One of the few rules at New Orleans storied Clover Grill (est.1959) is “Dancing in the aisles only. Please keep off the tables.”
But there was that one night back in the 80s when a particularly lithe transvestite decided to go into business for herself, clamber upon a table and begin wildly gyrating-much to the amusement of the folks hunkered down over plates of grits and fried eggs.
I’ve been eating at the Clover since the 70s, long before I became a resident of the greatest city in the US.Situated directly across the street from the oldest gay bar in the US, Lafitte’s In Exile, the Clover has long enjoyed a diverse clientele of dockhands, tourists and dolled up drag queens.
It can get a little wild in there sometimes.
When a friend flew into town from Birmingham recently I knew she’d want a taste of old New Orleans so we arranged to meet up bright and early at the old diner.
The French Quarter is shrouded in a thick fog as late night revelers slowly make their way back to their rooms across slick, cobblestone streets.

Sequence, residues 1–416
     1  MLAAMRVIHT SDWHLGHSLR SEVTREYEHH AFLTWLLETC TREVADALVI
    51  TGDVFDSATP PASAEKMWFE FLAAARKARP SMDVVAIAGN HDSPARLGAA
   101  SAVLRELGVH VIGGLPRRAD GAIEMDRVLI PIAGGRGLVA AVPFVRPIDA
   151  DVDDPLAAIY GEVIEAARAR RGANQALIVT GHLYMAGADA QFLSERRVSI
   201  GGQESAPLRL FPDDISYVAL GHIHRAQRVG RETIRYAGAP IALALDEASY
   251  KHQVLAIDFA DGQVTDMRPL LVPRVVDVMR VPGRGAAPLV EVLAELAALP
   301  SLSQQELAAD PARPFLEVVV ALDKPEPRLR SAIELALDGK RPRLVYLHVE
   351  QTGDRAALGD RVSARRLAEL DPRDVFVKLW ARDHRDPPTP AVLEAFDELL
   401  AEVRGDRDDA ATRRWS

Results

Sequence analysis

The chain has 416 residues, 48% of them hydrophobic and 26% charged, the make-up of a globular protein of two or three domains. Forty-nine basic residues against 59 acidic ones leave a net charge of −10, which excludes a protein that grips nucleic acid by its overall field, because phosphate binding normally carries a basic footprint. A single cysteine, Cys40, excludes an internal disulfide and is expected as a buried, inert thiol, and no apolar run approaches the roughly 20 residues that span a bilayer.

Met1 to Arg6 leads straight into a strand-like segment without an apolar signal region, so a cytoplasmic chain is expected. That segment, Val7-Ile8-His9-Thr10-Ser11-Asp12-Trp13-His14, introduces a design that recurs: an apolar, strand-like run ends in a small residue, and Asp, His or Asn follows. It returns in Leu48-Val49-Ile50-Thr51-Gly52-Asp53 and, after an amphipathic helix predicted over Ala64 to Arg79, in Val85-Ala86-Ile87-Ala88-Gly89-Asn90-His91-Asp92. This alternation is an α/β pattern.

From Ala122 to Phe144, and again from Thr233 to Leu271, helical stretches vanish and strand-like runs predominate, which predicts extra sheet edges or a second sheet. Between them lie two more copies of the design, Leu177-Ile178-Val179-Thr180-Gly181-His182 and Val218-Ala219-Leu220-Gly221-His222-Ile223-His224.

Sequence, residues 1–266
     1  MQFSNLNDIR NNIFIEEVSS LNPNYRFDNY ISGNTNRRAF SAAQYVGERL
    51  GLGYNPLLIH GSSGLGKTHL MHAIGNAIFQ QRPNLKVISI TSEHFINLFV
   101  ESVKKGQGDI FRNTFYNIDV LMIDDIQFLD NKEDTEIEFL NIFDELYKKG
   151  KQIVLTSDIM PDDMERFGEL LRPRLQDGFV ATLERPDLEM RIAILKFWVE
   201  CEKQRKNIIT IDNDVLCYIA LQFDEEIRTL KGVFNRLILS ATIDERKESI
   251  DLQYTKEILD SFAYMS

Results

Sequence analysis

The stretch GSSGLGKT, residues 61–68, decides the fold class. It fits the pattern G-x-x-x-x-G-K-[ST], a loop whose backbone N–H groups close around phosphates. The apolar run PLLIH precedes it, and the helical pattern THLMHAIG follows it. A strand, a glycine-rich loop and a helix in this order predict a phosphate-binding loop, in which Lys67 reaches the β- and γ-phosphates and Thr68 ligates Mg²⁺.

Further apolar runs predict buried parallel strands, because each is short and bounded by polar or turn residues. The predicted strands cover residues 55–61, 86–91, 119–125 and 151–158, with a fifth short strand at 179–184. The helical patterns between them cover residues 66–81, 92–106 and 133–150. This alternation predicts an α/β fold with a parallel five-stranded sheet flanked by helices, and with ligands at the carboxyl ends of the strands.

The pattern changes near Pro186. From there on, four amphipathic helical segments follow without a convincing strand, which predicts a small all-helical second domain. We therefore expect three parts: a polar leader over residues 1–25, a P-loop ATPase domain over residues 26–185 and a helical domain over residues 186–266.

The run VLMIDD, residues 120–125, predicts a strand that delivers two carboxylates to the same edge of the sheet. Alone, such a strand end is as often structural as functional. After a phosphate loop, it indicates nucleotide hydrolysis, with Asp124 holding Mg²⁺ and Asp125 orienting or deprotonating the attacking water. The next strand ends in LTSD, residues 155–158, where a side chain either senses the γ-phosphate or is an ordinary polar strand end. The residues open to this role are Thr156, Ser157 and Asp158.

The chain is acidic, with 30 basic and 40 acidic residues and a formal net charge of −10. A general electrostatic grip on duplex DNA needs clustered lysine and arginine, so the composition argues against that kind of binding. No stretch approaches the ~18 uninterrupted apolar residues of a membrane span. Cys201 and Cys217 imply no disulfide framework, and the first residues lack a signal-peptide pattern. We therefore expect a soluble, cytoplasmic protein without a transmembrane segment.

There’s nearly always a line at the Clover but we arrive early enough to be immediately seated.
The workers are flying about the room as the house is nearly packed, and the mood is joyous. The smell of frying bacon perfumes the air. Our waiter is a peach, and swiftly arrives to take our order with terse prompts that he’s clearly used thousands of times.10 minutes later we’re gawping at a feast of fried eggs, patty sausage, crispy bacon strips, buttery toast and griddled hash browns.
Arthur Jacobs (b.1910) became a New Orleans police officer in 1934. After 25 years on the force he opened Clover Grill in 1959.
His mother owned the building and had used the space as a grocery store for years before her son converted the room into a diner.Mr. Jake as he was known would pass away in 1997. Today the old grill is owned by Tom Wood, the owner of Lafitte’s in Exile.
The food is as good as it ever was. Eggs come smoking hot off the ancient griddle, sausage is pure Jimmy Dean with the tiniest kick of red pepper, your coffee never goes beyond half empty, and the antics of some of the patrons is pure carnival.
If you’re fortunate to visit New Orleans, block out an hour of your time to eat at the Clover, a French Quarter artifact with plenty relevance in the 21st century.
900 Bourbon St
Hours of operation:
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